• ABBA has been inducted into the Rock and Roll Hall of Fame. Now, while I am the farthest thing from an ABBA fan and frankly, I view their induction as something akin to listening to dogs barking Christmas carols, I cannot legitimately argue that they weren't ridiculously popular, (and still are-much to my abject horror!) huge sellers, and a global phenomenon. The absurdity in this came in the form of a tweet from Billboard magazine yesterday that wondered when some of today's stars like Lady Gaga and Beyonce might be eligible for the Hall. Oh, please. If the listening public is looking for recent artists that can reasonably be mentioned in the someday legend category, they might like to consider Pink, The Black Eyed Peas, John Mayer, (personal douchebag-amazing artist!) or Coldplay. Much of the rest is simply dross. (That is my personal shout out to St. Patrick's Day!)
  • One-time Toronto city council wunderkind and erstwhile mayoral candidate Adam Giambrone has once again found himself on the wrong side of absurdity. After getting his "hand" caught in somebody else's cookie jar other than that of his longtime live-in girlfriend, Giambrone had to withdraw from this year's mayoralty race due to the bad optics of his situation. If that weren't bad enough, the poor boy took tremendous heat for not simultaneously resigning his chairmanship of the Toronto Transit Commission and is now viewed in the press as the ultimate lame-duck. Today it was revealed that Giambrone, the transit chair, spent more than $3000.00 on taxis, with $2400.00 of that coming from his publicly funded office expenses. All this while the citizens of Toronto have graciously provided him with a free Metropass. One of these rides was for "a trip home after taping an episode of his Ride The Rocket TV show on a streetcar." What a colossal moron. Mr. Giambrone might indeed be a talented man with youth, energy and a tremendous vision for the city, but he is an inept politician. My advice would be to retire for a few years and come back to start again fresh.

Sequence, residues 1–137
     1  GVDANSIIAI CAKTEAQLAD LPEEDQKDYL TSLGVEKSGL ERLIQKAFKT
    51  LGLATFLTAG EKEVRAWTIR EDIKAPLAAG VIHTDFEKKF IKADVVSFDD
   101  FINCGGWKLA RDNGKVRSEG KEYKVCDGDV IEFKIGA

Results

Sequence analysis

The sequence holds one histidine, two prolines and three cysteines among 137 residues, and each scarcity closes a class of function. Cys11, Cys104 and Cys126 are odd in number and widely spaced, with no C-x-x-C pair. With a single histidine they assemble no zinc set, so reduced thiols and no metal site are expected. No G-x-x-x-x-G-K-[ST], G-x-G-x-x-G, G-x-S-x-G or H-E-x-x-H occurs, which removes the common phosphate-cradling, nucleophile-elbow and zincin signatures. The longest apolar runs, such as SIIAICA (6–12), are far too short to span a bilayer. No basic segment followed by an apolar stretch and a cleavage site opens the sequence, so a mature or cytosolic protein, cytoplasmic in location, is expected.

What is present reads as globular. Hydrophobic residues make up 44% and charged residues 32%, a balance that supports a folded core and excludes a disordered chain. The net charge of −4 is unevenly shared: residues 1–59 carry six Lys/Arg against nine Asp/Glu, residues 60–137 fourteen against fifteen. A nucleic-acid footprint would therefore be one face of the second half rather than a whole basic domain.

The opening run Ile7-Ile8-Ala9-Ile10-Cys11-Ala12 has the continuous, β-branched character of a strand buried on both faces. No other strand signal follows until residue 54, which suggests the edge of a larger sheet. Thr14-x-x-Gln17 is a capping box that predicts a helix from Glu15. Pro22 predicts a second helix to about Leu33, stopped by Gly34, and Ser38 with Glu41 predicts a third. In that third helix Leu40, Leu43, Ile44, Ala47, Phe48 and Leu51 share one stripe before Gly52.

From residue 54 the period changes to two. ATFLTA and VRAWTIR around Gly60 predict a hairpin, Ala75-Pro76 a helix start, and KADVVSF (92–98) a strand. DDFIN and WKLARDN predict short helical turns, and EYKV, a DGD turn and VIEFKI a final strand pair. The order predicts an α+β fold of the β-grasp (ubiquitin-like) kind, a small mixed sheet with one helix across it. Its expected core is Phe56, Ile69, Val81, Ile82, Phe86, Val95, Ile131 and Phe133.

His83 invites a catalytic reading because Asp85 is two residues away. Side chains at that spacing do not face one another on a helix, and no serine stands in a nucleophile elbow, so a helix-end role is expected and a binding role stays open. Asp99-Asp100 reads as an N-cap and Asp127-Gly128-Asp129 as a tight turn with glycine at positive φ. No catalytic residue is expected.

• Tums antacids have found their way onto the "banned substances" list for Pesach 5770. Apparently, according to the Chicago Rabbinical Council, the largest Orthodox council in North America, antacids require Pesach certification and Tums do not meet the requirements. Please rebbe! Not the Tums! I can't think of a time of year when I require them more. (She says tongue planted firmly in cheek!) I will not get into another discussion of absurdity and disparity of Passover eating habits, but I will point you towards my post of a year ago on the subject. Enjoy.